Use this URL to cite or link to this record in EThOS: https://ethos.bl.uk/OrderDetails.do?uin=uk.bl.ethos.780572
Title: The construction and validation of the Primary Scientific Reasoning Test
Author: Diana, Ng Yee Ping
ISNI:       0000 0004 7966 2137
Awarding Body: University of Oxford
Current Institution: University of Oxford
Date of Award: 2018
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Abstract:
A major task of science education is to foster scientific reasoning. Despite extensive research, it is still unclear how best to assess this cognitive proficiency; a limited consensus of its nature has arguably constrained the development of classroom assessments of scientific reasoning. Therefore, this research aimed to develop a valid and reliable test of scientific reasoning - the Primary Scientific Reasoning Test (PSRT) - for primary-aged pupils. Developments in science education, as well as emerging and novel insights across substantive literature, formed the theoretical framework underlying the PSRT. A mixed methodology was used to develop and validate the PSRT over four phases. The first phase developed the theoretical framework and the draft items. In the next phase, an 18-member expert panel from Singapore and England evaluated and endorsed the conceptual validity of the construct and the content validity of the draft items. The third phase field-tested and refined the draft instrument with 138 Year 7 pupils from four Singapore secondary schools. In the fourth and last phase, 431 Year 6 pupils from six Singapore primary schools attempted the finalised 100-item PSRT. Results from psychometric analysis using Rasch modelling supported inferences of a unidimensional construct underlying the test, and examination of the item difficulty estimates produced evidence that the order of difficulties generally accorded with the framework of scientific reasoning. Given that the explanatory concepts in the framework generally explained the pupils' performance and drawing on the strength and scope of other evidence, the thesis concludes that the PSRT displayed reasonably strong construct validity. This conclusion supports the use of PSRT as a valid and reliable measure of scientific reasoning for primary-aged pupils. The theoretical basis of the PSRT and its construction procedures also bear lessons for test developers and researchers. Overall, the study contributes clarification and understanding about the nature and assessment of scientific reasoning, particularly for primary-aged pupils.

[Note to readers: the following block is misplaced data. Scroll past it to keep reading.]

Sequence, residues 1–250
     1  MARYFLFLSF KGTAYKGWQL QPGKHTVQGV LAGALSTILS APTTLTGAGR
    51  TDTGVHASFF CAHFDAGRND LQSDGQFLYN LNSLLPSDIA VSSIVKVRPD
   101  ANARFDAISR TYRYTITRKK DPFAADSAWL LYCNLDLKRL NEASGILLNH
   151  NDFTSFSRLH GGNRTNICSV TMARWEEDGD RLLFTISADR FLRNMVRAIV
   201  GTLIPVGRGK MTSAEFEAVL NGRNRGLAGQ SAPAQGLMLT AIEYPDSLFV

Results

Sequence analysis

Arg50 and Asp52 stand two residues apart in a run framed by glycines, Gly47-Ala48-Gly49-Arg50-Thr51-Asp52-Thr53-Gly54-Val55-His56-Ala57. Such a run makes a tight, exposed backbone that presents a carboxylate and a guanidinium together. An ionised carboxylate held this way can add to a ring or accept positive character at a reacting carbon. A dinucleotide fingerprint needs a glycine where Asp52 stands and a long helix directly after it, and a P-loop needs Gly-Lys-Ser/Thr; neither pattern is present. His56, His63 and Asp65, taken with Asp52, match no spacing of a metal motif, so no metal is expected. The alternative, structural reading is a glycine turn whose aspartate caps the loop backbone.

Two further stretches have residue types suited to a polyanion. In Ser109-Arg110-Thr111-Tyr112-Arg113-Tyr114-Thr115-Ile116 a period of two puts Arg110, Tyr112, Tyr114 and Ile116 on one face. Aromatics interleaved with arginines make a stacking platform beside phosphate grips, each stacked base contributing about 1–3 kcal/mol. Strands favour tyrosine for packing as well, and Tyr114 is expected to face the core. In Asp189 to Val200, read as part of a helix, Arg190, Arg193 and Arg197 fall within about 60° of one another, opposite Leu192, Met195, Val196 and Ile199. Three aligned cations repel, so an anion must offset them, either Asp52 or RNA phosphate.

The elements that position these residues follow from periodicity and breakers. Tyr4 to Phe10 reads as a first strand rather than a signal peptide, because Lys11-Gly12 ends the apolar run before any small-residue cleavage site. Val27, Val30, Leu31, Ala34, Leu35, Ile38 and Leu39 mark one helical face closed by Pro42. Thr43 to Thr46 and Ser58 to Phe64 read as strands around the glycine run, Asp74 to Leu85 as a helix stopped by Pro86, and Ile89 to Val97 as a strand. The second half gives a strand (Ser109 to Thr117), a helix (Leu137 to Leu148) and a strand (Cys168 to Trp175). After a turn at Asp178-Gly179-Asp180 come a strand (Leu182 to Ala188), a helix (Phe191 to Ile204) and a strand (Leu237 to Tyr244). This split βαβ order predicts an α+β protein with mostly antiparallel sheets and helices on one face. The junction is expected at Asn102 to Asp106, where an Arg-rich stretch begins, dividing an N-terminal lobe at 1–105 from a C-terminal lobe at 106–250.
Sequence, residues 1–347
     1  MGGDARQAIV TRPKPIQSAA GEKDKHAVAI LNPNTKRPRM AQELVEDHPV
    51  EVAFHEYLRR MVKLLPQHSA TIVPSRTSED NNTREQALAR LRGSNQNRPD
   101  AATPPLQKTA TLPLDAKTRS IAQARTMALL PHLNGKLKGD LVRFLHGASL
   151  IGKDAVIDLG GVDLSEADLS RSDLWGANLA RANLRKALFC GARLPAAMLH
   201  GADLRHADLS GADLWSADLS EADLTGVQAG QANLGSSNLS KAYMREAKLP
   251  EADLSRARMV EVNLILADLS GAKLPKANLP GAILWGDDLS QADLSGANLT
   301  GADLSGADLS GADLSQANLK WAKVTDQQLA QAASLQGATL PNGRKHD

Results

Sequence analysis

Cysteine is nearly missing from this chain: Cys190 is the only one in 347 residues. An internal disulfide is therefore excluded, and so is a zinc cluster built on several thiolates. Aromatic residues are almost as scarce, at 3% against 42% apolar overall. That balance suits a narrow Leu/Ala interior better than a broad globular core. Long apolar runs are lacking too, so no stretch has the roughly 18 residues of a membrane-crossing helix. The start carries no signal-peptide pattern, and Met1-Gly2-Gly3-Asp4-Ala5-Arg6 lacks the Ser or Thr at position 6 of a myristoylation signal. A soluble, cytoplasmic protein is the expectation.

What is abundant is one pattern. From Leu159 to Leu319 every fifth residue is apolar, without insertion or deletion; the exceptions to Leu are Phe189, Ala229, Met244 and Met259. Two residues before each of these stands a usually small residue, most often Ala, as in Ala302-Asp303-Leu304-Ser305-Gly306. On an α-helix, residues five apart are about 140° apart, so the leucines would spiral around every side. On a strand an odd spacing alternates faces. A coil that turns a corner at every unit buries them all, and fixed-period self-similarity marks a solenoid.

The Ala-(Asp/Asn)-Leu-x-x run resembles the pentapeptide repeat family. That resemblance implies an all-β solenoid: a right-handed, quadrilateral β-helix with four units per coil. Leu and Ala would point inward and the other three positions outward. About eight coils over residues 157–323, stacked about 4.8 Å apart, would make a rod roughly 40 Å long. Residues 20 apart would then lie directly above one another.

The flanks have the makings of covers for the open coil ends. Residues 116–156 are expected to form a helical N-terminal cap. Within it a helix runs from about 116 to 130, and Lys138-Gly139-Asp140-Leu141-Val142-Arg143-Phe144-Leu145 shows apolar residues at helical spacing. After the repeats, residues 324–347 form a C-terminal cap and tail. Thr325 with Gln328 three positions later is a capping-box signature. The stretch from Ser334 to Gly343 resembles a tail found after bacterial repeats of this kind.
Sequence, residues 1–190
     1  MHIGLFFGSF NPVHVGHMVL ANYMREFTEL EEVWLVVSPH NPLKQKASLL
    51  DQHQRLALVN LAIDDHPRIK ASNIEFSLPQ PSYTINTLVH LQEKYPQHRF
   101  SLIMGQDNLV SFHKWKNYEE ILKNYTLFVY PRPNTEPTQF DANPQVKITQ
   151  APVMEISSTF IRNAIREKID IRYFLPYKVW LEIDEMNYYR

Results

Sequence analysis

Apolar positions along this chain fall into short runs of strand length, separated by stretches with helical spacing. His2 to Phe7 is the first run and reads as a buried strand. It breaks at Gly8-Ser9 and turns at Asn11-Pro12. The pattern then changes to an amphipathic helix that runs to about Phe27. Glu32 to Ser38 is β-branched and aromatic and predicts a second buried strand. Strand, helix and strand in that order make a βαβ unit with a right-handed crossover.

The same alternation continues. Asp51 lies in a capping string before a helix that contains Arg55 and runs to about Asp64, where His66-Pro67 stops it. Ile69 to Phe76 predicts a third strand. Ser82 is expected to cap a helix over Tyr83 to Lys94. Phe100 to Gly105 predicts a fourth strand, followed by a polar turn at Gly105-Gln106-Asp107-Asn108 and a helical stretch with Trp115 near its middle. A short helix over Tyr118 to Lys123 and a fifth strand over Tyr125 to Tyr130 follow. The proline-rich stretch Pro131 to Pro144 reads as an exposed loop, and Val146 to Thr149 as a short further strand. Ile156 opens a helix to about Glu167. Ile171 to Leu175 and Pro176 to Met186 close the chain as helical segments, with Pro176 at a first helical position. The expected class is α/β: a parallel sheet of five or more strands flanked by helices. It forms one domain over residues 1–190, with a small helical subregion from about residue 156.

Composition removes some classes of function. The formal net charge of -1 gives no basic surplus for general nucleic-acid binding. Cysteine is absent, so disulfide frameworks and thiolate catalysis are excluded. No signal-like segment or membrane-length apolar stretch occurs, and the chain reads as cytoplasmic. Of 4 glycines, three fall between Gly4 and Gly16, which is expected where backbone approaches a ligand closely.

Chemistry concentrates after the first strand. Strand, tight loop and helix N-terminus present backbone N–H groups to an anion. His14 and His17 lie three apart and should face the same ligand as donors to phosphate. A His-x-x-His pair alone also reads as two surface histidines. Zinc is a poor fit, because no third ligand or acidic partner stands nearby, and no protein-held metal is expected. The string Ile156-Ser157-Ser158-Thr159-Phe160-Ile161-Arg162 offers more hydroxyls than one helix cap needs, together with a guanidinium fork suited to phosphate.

Supervisor: Baird, Jo-Anne ; McGrane, Joshua Sponsor: Singapore Examinations and Assessment Board
Qualification Name: Thesis (Ph.D.) Qualification Level: Doctoral
EThOS ID: uk.bl.ethos.780572  DOI: Not available
Keywords: Test of Scientific Reasoning ; Scientific Reasoning ; Construct Validation ; Scientific Thinking ; Primary School Science
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